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Old 05-24-2017, 01:00 PM   #11
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But isn't that essentially the same as what's been happening with a lot of megacorp pensions and retiree healthcare plans? Companies often find that benefits promised to employees (and relied upon by those employees for retirement planning purposes) are simply not sustainable. Isn't there a direct analogy here between huge private companies reneging on their pension & HC promises and the federal government cutting back on theirs?
Indeed, plenty of examples of people getting screwed that way. Doesn't make it right to do same to government employees but I can certainly see it coming
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Old 05-24-2017, 01:04 PM   #12
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I've always felt that when it comes to any kind of retirement benefits we swim together or sink together. Thinking of government retirees as a privileged class (or one that is particularly discriminated against) vs. the wider class of private pension recipients or the still larger class of Social Security recipients is just a way to divide us into small enough groups so that our specific benefits can be more easily denied.
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Old 05-24-2017, 01:05 PM   #13
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But isn't that essentially the same as what's been happening with a lot of megacorp pensions and retiree healthcare plans? Companies often find that benefits promised to employees (and relied upon by those employees for retirement planning purposes) are simply not sustainable. Isn't there a direct analogy here between huge private companies reneging on their pension & HC promises and the federal government cutting back on theirs?
Yes and no.... I had 2 pensions through private employers. The first was a traditional pension - defined benefit... When my mega corp (fortune 500) was acquired by mega-mega corp (fortune 100) - that defined benefit was frozen. If you had 5+ years of service... you would still qualify for whatever years you worked. I started collecting it 6 months ago at age 55 - and get a whoppin' $136/month. No COLA. It was not retroactively changed - just frozen with no increases due to tenure or age from the date we were acquired.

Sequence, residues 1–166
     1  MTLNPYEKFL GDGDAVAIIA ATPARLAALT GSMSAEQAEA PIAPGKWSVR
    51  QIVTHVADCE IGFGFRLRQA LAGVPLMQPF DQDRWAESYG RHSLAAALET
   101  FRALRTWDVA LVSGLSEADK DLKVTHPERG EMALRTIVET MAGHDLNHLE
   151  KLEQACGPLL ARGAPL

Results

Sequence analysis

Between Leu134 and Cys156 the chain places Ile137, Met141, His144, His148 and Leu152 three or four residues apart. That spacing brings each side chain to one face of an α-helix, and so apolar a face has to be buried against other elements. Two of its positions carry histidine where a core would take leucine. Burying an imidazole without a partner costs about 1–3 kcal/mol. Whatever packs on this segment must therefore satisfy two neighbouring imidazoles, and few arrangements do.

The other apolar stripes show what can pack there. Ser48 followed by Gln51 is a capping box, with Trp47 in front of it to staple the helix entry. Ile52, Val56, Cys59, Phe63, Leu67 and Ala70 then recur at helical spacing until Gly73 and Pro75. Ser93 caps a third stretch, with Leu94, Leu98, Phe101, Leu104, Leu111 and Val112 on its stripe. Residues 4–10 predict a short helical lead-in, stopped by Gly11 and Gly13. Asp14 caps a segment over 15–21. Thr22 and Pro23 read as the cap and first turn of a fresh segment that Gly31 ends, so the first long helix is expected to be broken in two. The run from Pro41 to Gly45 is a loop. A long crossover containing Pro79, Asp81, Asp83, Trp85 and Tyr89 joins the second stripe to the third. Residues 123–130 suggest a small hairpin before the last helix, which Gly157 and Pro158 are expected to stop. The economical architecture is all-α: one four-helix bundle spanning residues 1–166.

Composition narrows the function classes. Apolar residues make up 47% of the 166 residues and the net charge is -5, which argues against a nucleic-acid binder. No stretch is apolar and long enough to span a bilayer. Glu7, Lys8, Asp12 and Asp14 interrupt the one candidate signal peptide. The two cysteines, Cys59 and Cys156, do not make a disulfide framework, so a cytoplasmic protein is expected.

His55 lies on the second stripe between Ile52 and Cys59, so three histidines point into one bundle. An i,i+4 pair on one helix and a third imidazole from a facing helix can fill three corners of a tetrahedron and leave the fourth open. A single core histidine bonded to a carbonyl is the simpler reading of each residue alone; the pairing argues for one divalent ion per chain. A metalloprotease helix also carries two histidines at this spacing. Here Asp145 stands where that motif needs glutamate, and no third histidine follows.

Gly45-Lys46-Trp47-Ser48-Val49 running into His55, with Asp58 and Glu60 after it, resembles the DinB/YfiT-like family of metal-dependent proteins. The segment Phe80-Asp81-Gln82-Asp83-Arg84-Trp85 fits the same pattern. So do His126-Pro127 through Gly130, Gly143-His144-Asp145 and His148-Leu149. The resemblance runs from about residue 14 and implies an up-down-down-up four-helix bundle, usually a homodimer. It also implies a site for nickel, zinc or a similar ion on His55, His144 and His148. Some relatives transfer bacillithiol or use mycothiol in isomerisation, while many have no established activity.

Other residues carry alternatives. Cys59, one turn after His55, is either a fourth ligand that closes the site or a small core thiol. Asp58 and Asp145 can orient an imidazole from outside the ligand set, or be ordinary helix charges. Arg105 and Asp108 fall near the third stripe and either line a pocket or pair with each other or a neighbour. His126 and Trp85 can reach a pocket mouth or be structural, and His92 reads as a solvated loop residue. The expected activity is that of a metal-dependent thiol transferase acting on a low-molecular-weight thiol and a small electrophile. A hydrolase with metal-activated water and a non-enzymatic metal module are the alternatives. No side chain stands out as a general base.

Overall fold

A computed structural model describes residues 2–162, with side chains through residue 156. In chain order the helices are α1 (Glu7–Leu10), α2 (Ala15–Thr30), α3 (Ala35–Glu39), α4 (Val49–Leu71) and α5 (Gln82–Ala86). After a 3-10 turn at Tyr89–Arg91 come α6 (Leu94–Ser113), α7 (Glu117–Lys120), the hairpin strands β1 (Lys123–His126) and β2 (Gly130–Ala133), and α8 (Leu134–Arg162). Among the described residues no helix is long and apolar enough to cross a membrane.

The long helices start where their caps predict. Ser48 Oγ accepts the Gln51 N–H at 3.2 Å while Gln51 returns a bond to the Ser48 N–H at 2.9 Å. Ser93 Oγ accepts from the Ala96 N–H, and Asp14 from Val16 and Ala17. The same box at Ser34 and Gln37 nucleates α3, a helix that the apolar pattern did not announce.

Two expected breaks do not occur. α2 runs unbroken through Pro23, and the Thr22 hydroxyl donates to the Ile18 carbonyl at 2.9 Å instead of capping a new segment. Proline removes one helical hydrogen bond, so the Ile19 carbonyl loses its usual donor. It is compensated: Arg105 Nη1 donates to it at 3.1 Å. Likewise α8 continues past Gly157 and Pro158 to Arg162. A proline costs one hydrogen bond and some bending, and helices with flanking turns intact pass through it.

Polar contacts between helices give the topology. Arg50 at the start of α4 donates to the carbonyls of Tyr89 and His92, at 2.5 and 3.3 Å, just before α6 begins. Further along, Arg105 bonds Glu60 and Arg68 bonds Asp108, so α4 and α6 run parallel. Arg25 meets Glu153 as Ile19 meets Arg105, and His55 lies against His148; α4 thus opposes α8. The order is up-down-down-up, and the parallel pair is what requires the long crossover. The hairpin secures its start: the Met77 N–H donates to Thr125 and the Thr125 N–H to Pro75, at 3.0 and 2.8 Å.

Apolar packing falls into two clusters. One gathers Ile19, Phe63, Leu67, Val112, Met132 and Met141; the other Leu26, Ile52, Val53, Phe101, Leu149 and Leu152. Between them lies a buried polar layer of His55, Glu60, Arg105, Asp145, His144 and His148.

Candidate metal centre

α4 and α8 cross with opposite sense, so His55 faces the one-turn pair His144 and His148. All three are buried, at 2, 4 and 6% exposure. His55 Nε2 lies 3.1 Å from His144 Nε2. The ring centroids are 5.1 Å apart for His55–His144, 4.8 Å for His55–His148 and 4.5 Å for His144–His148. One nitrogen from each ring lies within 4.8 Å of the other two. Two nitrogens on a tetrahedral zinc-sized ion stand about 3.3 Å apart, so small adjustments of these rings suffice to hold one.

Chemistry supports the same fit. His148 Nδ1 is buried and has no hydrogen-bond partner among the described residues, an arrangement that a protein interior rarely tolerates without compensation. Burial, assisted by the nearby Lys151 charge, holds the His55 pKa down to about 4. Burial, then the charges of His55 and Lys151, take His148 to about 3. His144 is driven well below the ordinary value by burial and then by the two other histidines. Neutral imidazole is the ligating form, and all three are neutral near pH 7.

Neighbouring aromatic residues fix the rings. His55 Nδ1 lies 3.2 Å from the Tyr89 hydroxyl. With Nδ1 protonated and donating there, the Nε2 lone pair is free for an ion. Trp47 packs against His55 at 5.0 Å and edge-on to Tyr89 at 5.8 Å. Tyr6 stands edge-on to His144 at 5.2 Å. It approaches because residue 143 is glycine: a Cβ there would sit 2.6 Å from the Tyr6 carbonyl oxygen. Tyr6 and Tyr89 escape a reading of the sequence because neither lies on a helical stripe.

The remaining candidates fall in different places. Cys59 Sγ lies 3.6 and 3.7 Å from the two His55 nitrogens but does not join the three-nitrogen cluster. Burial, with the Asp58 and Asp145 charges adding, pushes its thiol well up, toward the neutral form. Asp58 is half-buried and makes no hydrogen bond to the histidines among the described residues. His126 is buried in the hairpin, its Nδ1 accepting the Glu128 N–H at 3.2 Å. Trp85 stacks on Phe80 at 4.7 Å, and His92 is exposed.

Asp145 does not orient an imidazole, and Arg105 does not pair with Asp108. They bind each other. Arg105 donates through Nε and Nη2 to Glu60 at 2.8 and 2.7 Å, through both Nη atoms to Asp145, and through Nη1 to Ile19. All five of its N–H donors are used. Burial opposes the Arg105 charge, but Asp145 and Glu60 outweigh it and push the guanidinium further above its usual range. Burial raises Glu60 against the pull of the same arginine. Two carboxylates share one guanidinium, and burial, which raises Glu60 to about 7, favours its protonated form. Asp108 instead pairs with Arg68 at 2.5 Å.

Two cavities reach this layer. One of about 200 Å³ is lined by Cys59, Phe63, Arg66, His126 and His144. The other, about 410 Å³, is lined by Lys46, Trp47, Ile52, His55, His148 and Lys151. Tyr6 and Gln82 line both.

The second pension was the crappier form - defined contribution... They tauted it was better because it was portable (could be rolled as a lump sum into an IRA once you separated.) I say crappier because it never was going to pay out much... That pension was frozen in 2009 because of the market decline. I collect a whoppin' $330/month from that one.

Neither pension was retroactively reduced... just frozen in time with small benefits - no opportunity to grow the benefit.

Retiree healthcare is a different thing... Since there were no ERISA rules - companies reduced, eliminated, and generally trashed the retiree healthcare.
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Old 05-24-2017, 01:27 PM   #14
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I've always felt that when it comes to any kind of retirement benefits we swim together or sink together. Thinking of government retirees as a privileged class (or one that is particularly discriminated against) vs. the wider class of private pension recipients or the still larger class of Social Security recipients is just a way to divide us into small enough groups so that our specific benefits can be more easily denied.
I have to disagree. Part of the "deal" with government employment is also that they (generally) accept a smaller income than private industry in exchange for employment stability and the pension.

People have planned out their lives relying on that pension and especially for those already retired and are no longer in a position to adapt to changing circumstances it is simply wrong to change the rules.
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Old 05-24-2017, 01:30 PM   #15